The opinion of the court was delivered by: VAUGHN R. WALKER
For a period of three (3) years commencing on the Effective Date, [Humongous] may not sell any product it develops using the SCUMM System to any third party distributors in North America other than [LucasArts] for less than seventy-five percent (75%) of the six month rolling average wholesale price, net of any promotional allowances, at which such products are re-sold to North American retailers (current examples of which include Software, Etc.; Babbages; and Electronic Boutique). [LucasArts] reserves the right to verify such wholesale price upon [LucasArts'] request in writing to Licensee. After such three year period, the foregoing price restriction will be inapplicable.
LucasArts brings this suit alleging, among other things, that Humongous violated the terms of the licensing agreement by (1) failing to follow the terms of the price restriction provision and (2) allowing a third party (i.e., Electronic Arts) to publish Putt Putt Joins the Parade.
LucasArts moves the court to grant a preliminary injunction against Humongous pursuant to FRCP 65. Having reviewed the papers submitted and considered the oral arguments of counsel at a hearing on February 26, 1993, the court hereby DENIES LucasArts' motion for preliminary injunction.
LucasArts is entitled to a preliminary injunction against Humongous if it can show either: (1) probable success on the merits and the possibility of irreparable injury or (2) serious questions going to the merits and a balance of hardships tipping in its favor. First Brands Corp. v Fred Meyer, Inc., 809 F.2d 1378 (9th Cir 1987); Regents of Univ. of California v A.B.C., Inc., 747 F.2d 511, 515 (9th Cir 1984). LucasArts fails under both tests.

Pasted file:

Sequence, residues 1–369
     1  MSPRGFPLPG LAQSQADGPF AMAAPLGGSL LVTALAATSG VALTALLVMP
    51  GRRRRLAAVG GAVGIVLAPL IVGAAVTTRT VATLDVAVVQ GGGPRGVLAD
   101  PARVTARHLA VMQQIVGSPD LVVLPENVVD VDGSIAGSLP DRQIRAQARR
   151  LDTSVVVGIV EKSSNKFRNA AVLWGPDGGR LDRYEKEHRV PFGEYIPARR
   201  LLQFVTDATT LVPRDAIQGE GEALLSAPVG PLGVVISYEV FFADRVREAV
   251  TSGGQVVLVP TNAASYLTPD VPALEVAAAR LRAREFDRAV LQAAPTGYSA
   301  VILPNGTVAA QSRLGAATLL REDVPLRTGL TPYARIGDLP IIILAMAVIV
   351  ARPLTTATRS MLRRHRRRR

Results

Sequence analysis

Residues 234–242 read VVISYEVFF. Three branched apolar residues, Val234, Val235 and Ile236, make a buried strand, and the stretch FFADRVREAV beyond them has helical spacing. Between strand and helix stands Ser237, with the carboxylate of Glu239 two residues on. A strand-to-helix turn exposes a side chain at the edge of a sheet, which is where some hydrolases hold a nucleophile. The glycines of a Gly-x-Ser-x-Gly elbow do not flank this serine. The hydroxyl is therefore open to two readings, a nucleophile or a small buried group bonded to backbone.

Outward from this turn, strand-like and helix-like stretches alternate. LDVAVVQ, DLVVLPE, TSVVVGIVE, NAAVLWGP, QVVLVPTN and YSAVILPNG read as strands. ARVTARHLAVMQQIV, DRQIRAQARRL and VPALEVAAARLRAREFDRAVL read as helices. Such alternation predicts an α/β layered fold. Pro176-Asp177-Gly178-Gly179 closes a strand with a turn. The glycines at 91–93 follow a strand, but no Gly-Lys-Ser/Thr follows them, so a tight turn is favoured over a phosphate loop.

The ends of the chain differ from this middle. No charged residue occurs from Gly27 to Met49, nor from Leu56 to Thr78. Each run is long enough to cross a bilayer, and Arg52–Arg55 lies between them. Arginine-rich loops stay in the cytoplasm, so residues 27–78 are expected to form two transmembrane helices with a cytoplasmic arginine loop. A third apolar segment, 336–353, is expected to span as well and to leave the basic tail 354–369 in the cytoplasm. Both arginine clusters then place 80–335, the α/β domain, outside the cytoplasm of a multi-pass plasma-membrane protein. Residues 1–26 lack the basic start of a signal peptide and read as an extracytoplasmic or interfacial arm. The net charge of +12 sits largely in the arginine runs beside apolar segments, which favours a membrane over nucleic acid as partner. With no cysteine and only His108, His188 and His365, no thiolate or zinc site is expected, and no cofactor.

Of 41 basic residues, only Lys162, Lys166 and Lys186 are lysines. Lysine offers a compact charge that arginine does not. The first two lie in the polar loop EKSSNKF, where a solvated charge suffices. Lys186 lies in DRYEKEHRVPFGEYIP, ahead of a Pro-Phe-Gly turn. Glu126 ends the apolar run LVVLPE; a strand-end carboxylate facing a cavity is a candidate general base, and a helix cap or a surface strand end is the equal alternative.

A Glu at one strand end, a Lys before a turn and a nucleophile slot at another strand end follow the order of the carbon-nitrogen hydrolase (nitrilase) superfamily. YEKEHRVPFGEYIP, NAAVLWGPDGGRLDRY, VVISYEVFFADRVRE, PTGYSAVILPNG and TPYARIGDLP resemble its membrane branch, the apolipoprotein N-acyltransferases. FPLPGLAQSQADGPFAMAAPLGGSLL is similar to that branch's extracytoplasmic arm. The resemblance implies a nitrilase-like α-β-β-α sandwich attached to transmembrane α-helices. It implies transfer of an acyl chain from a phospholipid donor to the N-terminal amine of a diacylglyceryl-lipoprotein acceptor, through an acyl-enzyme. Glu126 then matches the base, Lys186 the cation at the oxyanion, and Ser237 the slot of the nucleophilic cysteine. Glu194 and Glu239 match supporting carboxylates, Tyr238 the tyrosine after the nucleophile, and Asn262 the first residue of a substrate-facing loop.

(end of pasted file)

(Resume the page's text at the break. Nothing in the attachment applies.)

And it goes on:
LucasArts' argument for likelihood of success on the merits is rather long and tenuous. To make its copyright infringement claim, LucasArts attempts to jump through several legal hoops: first, Humongous has breached the licensing agreement; second, Humongous' breach is so extreme as to constitute a material failure of consideration; third, the failure of consideration entitles LucasArts to rescind the license agreement; fourth, once rescinded, Humongous' continued use of the copyrighted SCUMM program constitutes infringement; fifth, if there is copyright infringement then irreparable harm is presumed and the preliminary injunction should he granted. In this case, LucasArts is unable to clear all the hoops successfully.
LucasArts claims that Humongous has breached at least three material aspects of its licensing agreement with LucasArts. First, pursuant to § A.1.1.1(b) of the agreement, Humongous had a obligation to sell its games developed with the SCUMM System to third party distributors at no less than
seventy-five percent (75%) of the six month rolling average wholesale price, net of any promotional allowances, at which such products are re-sold to North American retailers * * * .
Second, LucasArts contends that Humongous breached its contractual obligation to make available to LucasArts documentation that would verify Humongous' compliance with the pricing regime to which it had agreed. According to LucasArts, Humongous consistently refused access to, and denied inspection of, ...